BlackRock underweight on Malaysia
KUALA LUMPUR: Asset manager BlackRock is underweight on Malaysia’s fixed-income outlook and dislikes Malaysia’s equity market, given greener pastures in other parts of the world and protracted structural reforms here, said BlackRock managing director and head of multi-asset platform strategy Asia Pacific Steven Moeller.
“We continue to be underweight on Malaysia but we also see things beginning to improve. But we still need to see certain things (structural reforms) happen in Malaysia before we move to an overweight position,” he told a media briefing here yesterday on 2017 Asia Investment Outlook.
Moeller is taking a wait-and-see stance following Donald Trump’s victory in the US presidential election and remains cautious on his views.
BlackRock has been overweight on the equity markets in Asia and the emerging markets given the economic reforms and valuations, assuming no major change to trade policies. It is also overweight on the fixed-income market in Asia and emerging markets given improved fundamentals.
AmInvest senior vice-president of retail and retirement funds Alex Tan said it is still a wait-and-see position until the first quarter next year but the alternative plan for investors is Asia.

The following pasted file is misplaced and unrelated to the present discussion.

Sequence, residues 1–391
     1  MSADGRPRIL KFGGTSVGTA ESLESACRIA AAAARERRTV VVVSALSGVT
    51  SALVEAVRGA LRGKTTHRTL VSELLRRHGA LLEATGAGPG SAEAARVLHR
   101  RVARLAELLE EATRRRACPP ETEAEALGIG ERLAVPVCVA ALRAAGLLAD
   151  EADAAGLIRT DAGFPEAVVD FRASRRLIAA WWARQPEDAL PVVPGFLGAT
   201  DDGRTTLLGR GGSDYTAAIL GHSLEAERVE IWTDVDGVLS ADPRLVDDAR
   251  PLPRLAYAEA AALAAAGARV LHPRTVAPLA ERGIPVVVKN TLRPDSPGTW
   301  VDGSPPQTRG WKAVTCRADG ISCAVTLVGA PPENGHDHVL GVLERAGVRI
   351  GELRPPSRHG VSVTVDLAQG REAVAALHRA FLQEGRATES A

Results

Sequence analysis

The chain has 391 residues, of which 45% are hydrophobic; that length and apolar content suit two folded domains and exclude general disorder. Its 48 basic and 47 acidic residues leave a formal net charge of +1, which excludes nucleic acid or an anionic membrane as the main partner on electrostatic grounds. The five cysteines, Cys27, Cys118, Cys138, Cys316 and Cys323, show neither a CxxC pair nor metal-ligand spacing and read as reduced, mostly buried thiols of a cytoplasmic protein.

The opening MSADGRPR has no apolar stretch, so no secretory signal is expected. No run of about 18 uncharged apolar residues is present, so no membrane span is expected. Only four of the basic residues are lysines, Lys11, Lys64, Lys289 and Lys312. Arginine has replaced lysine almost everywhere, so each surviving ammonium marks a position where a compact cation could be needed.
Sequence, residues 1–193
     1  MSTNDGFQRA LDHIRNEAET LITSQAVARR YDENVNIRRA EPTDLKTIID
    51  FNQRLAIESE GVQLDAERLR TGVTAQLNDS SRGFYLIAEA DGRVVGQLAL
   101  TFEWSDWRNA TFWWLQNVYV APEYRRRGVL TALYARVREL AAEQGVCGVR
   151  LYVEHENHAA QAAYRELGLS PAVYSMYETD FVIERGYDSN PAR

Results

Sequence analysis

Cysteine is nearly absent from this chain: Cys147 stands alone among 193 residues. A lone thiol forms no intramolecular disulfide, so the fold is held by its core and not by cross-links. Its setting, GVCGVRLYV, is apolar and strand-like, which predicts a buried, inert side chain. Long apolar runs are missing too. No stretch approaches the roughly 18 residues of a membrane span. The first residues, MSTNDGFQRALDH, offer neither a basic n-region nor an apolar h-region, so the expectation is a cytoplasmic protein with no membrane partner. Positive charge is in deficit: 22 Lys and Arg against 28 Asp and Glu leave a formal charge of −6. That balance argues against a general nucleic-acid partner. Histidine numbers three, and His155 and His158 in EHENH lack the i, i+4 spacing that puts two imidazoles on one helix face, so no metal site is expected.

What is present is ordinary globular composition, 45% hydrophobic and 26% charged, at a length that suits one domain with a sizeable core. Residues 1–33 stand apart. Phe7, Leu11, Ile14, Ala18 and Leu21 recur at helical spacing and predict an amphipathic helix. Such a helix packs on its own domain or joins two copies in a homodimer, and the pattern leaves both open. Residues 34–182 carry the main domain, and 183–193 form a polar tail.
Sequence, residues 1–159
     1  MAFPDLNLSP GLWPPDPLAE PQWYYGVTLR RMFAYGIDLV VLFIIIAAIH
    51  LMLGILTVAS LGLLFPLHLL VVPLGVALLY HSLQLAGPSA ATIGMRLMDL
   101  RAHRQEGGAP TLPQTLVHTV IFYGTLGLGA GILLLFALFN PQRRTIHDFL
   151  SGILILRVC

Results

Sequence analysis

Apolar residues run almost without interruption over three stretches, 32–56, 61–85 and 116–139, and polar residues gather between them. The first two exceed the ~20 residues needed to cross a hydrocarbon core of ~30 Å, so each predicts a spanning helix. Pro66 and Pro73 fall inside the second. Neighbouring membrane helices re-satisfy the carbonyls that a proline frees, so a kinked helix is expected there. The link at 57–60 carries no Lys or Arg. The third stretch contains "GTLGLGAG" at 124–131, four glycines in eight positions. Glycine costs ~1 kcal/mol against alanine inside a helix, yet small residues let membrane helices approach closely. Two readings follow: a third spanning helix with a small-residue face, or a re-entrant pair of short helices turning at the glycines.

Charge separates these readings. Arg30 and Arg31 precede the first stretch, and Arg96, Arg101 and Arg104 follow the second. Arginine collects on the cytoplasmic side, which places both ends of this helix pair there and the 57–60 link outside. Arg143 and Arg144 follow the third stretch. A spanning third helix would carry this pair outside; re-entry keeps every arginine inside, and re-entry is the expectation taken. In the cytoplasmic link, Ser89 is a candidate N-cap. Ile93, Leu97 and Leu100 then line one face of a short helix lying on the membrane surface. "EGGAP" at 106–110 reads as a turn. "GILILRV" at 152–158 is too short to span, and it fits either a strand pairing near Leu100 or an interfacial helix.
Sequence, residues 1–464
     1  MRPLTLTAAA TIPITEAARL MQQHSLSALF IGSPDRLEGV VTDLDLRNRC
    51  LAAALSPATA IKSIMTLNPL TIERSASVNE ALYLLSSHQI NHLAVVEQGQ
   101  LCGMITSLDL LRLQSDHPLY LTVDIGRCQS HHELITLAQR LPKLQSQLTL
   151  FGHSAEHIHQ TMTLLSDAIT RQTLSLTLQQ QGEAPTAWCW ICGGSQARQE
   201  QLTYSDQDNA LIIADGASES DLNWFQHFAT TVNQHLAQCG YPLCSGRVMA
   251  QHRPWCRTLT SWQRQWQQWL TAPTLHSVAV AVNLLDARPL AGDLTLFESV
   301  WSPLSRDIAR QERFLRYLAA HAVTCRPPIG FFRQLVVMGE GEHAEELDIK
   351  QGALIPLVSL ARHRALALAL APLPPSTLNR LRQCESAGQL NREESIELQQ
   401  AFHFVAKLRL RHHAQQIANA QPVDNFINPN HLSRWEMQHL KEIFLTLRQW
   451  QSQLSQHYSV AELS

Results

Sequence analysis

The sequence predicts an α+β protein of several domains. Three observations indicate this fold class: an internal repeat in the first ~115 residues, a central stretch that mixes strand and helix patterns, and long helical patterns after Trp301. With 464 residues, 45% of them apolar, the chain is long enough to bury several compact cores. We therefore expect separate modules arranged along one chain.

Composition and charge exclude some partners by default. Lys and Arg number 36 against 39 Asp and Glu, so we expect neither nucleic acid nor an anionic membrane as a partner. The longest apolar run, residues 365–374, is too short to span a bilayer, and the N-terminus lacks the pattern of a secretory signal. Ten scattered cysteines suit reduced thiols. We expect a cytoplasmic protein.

“Asia is still a lucrative platform for all of us,” said Tan.
He said Malaysian investors are putting their money into fixed income, going into the Asia-Pacific markets and opting for alternative assets and the safe-haven type of funds.
“They’re not going into aggressive global funds. We don’t see a trend of that just yet. It’s still Asia and Asia Pacific,” said Tan.
He said investors hunt for yields and AmInvest must look for differentiated assets that provide such yields.
“At this point of time, we don’t see that much opportunities in Malaysia just yet,” Tan said.
Meanwhile, BlackRock’s head of Asian equities Andrew Swan said in a statement he is increasingly optimistic on Asia given positive signs of reflation and a recovery of nominal gross domestic product growth in China; which should lead to dramatic improvement in industrial profits and plays very positively for the region.
For Asia, the key near-term risk is a continued strengthening in the US dollar which puts potential issues such as renminbi devaluation risk back on the table as well as allowing less policy flexibility among Asian central banks.
“Given tepid global growth, we do not foresee a meaningful rise in US rates despite signs of deflation fading,” Swan said.
Valuations remain below long-term historical averages and already reflect negative sentiment and positioning.
Asian Credit head Neeraj Seth said they have a broadly positive view on Asian credit fundamentals going into 2017. Valuations remain attractive relative to traditional fixed-income assets, supported by a good technical backdrop.
However, given the shift in risk sentiment and US interest rate moves post election, BlackRock is cautious in the near term until there is further clarity on US policies.
Moeller: Wait & see Tan: It’s still Asia